This course will offer a mixture of lecture and discussion, and a good bit of our time will be devoted to your own oral reports. These reports will give you a chance to polish your presentation skills; more importantly, they’ll help you to master course materials. Let me say a bit more about these reports before moving on.
• These reports will be three minutes long. I'll let you know when time is running out, and I won’t hesitate to cut you off if you go overtime. The best way to make sure you don't run long is to practice. It might also help to know that most people, speaking at a reasonable clip, can read a double-spaced page in about two and a half minutes.
• The reports will be focused on very specific questions, and you’ll want to be sure that your answers are as crisp and sharp as possible. There won’t be time to cover everything you’ve learned about your topic, so choose a single major point (or maybe two) and develop it in some detail. You can fill in the gaps during q-and-a.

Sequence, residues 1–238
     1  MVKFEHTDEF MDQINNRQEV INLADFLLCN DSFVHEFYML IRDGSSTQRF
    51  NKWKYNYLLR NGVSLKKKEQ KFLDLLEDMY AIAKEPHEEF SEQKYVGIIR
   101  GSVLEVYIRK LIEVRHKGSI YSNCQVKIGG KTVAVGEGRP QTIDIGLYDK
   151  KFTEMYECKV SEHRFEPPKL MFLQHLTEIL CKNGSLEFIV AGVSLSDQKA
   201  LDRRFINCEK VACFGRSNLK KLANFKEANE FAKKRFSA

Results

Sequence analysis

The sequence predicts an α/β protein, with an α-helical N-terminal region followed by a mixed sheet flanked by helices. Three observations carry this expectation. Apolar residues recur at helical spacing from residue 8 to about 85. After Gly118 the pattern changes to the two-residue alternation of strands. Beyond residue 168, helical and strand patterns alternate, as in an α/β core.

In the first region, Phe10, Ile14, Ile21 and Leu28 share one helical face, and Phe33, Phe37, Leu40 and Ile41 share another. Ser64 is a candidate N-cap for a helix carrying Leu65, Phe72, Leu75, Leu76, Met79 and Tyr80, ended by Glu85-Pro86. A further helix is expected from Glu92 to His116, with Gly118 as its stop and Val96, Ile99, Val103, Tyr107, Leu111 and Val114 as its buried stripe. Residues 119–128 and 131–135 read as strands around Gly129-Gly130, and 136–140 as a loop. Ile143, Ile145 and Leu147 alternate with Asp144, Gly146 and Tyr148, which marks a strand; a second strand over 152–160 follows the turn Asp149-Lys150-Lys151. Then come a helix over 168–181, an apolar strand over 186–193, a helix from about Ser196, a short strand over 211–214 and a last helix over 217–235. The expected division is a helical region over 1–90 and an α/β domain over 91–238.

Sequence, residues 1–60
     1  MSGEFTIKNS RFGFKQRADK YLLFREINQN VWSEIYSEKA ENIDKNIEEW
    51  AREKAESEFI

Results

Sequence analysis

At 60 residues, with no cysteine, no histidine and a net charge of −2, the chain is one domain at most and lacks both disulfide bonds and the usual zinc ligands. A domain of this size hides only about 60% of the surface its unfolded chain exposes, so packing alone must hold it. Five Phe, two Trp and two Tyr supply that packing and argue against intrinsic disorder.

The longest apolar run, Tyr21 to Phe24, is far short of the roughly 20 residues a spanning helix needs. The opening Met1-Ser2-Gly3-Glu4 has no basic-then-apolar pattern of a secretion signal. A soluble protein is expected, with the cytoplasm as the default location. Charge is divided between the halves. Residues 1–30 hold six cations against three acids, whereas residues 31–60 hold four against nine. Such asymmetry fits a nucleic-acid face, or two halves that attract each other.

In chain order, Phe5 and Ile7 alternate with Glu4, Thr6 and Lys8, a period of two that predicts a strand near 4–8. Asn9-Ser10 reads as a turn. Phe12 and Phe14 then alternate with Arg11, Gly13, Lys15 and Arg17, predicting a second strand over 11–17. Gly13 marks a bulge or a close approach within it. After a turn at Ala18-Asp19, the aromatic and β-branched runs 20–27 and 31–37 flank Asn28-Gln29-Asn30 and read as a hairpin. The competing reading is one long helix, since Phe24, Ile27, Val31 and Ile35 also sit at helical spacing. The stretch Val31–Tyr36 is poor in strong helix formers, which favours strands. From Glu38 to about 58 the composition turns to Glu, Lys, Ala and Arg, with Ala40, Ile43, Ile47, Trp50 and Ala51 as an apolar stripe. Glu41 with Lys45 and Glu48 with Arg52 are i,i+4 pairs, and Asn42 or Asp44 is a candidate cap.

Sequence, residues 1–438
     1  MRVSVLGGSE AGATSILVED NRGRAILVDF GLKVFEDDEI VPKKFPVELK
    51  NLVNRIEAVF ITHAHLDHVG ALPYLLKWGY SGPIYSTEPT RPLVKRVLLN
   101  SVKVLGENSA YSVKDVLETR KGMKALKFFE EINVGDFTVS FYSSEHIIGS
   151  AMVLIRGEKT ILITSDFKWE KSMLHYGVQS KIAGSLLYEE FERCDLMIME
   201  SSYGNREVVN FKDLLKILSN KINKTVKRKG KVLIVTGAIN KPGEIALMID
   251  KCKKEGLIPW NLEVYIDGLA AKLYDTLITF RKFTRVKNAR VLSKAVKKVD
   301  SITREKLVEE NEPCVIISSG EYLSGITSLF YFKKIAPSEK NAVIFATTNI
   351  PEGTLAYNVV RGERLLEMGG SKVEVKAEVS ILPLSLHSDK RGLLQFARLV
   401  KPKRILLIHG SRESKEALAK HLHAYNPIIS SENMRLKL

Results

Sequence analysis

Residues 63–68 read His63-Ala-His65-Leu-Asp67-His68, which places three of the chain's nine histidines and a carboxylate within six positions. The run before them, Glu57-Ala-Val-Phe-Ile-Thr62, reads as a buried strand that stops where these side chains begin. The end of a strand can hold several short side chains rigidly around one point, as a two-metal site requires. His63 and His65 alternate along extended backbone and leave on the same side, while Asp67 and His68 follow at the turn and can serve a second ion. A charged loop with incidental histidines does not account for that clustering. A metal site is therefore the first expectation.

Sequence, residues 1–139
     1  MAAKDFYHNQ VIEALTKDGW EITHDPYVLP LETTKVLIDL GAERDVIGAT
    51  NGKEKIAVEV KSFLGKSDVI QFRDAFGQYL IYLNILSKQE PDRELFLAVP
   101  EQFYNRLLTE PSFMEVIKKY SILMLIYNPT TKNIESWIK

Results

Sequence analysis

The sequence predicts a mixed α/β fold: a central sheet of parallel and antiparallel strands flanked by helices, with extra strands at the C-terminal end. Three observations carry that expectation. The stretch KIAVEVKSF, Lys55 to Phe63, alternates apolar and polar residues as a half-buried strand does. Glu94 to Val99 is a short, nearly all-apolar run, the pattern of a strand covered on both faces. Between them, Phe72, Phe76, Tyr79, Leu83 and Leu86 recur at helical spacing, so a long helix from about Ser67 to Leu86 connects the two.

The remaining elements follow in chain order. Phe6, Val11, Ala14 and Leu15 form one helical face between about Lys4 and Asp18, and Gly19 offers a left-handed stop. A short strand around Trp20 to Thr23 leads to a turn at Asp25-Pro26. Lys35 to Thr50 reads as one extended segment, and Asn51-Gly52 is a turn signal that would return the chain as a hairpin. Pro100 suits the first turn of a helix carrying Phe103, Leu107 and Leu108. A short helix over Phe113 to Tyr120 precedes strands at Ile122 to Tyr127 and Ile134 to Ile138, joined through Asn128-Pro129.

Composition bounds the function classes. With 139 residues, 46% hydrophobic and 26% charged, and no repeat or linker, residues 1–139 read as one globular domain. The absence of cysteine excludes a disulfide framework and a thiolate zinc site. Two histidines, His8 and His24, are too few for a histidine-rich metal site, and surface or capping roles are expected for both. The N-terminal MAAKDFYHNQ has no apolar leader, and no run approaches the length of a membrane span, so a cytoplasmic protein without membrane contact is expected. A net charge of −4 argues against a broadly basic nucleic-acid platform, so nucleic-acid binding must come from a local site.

• Here are a couple of sample questions, just so you’ll know what I have in mind:
o Critics like Ian Watt have said that novelists often set their stories in "real time." According to such critics, novelists may date the action of their stories, perhaps by situating it in relation to real historical events, and they may also be quite precise about the marking of time within the story itself. How might we compare Richardson's use of time with Fielding's?
o How does Fielding's thinking about human actions and motives differ from Richardson's? Do both authors agree that it can be difficult to discern the true motives behind another person's action? How easy, in their worlds, is it for a person to hide his or her true self?
• You will be able to speak from an outline but not from a complete script. I suggest that you rehearse several times. Bill Dalsen, a speaking consultant from the CTL, will be working with our class. His extension is 6351, and he checks his e-mail regularly. I think it’d make sense for you to take advantage of his services, especially if it’s been a while since you gave an oral report.
mail to Mr. Spurgin
last modified 9-24-04